Slurpee & Taquitos to go

I stopped at 7-11 on my way home tonight, to buy myself a cocktail in a can, as I do sometimes. As I walked out the door I was approached by a young woman.

“Excuse me. . . could you buy me something to eat?” she asked, as she rubbed her belly, presumably so I would notice that she was pregnant. “I don’t want any money, I’m just really hungry.” As a city dweller of 35 years my instinct is to be hard and my antennae go up. Am I being set up for a pickpocketing or a purse-snatching? Is she really pregnant? Thoughts and possible courses of action race through my head in a millisecond, then I say, “Sure.”

“Thank you so much. My baby is so mad at me right now.” My head is reeling at this, the idea of being pregnant and being so alone that you have to ask strangers for food. I know this happens every day, but it’s nothing I will ever get used to.

We go back into the store and I ask her what she wants, heading toward the deli case, thinking probably a sandwich or something, but she heads toward the hot food display and my first thought is “Oh god she wants a pizza.” (like honestly would I have said no if she wanted a pizza? Of course not.) But she asked, “Could I get some taquitos?”

“Sure, of course.” They’re 3 for $3 & something, not much. She asks for four. While they’re bagging them up she asks if she can get a drink. Again I ask, “What do you want?” I’m not sure why I needed to ask, I should have just said go head, get you want you want. “Can I get a Slurpee?” I think for a second, and then say, “Sure.” Because what was I going to say? “You’re pregnant, you shouldn’t be eating this garbage?” My middle-class judgy-ness was rearing up inside me. As though I had any business telling her what to eat or not eat, like she lived in a world where that was a choice she could make.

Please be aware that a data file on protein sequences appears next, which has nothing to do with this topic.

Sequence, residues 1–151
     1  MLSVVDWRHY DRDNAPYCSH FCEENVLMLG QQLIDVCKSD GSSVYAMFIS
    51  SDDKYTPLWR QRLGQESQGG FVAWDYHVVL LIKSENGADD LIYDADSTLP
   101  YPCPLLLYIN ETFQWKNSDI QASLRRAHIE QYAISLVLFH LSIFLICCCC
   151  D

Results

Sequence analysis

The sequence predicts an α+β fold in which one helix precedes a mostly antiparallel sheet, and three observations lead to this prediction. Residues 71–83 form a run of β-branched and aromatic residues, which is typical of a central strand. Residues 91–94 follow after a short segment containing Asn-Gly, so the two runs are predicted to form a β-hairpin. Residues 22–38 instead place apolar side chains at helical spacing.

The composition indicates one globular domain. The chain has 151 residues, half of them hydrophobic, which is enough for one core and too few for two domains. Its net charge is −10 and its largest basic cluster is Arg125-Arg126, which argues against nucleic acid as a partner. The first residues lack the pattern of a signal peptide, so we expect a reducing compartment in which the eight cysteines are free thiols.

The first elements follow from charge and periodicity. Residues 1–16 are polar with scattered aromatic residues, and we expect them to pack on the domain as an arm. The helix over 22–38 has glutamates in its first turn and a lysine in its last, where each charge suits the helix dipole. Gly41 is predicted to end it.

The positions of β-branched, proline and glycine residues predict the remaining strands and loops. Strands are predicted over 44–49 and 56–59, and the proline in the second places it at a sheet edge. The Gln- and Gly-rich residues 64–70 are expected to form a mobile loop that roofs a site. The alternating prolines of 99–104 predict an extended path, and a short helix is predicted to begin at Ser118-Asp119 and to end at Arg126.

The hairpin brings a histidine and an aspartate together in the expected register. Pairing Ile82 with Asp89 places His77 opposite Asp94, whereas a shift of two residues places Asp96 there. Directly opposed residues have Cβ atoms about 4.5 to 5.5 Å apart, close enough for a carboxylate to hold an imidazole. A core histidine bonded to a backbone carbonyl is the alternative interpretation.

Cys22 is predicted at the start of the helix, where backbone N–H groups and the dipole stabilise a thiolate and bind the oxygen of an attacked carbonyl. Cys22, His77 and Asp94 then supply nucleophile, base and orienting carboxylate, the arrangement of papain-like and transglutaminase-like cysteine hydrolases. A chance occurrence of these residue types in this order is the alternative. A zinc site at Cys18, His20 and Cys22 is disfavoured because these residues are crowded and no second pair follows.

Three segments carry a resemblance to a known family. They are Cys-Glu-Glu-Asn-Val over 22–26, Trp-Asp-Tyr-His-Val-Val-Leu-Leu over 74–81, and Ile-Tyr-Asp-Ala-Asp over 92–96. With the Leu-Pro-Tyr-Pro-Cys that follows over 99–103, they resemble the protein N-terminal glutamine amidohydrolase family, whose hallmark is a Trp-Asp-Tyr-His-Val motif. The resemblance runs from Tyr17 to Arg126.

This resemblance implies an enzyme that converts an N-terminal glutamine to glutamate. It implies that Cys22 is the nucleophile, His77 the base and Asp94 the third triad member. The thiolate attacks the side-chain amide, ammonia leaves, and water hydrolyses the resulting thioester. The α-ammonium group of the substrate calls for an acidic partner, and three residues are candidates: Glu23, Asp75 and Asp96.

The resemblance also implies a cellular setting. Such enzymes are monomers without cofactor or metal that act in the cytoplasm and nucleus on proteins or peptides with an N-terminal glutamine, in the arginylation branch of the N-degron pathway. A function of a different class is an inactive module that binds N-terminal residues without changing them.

She told me that she’d been waiting two hours for a friend to pick her up and they hadn’t shown up and she hated having to “be all hobo” and ask for food from strangers. I told her it was no problem, and felt like a giant piece of shit for holding two states of thought in my head at the same time: “I’m a sucker, I’m being played” and “Why is anyone’s life like this?” As though one can be “played” for $6 worth of junk food. I told myself to get the fuck over. I’ve wasted more money on that on stupider things just this week.

She thanked me again after we left the store, and asked me where the nearest Blue Line stop was, so I told her, and then I crossed the street and finished my journey home. Now I’m sitting here drinking my cocktail in a can and hoping she got home (or wherever she was going) okay,

I also realize that you can do a (hopefully) nice thing for someone and still feel like garbage, apparently. It’s not enough, I don’t do enough, I should have done something else for her.

 

 

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Slurpee & Taquitos to go

3 thoughts on “Slurpee & Taquitos to go

  1. Davida G. Breier says:

    I had something very similar happen about two weeks ago. Something about asking for food penetrates that shell of urban living.

    d

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  2. Rachel says:

    You did what she asked. She could have asked for more, but she didn’t. Most people wouldn’t even have done that for her. It sounded like she was grateful someone saw her as a fellow human in need and not as someone who didn’t count. Every good karma point counts. 🙂

  3. Jackie says:

    I gave a pregnant woman panhandler a fancy bottled water once and thought, gee, way to take one bucket out of the Atlantic Ocean. Which reminded me of the boy and the starfish poem — the one that ends “it does for this one” — so I felt a little bit better about the whole overwhelming human–condition thing.

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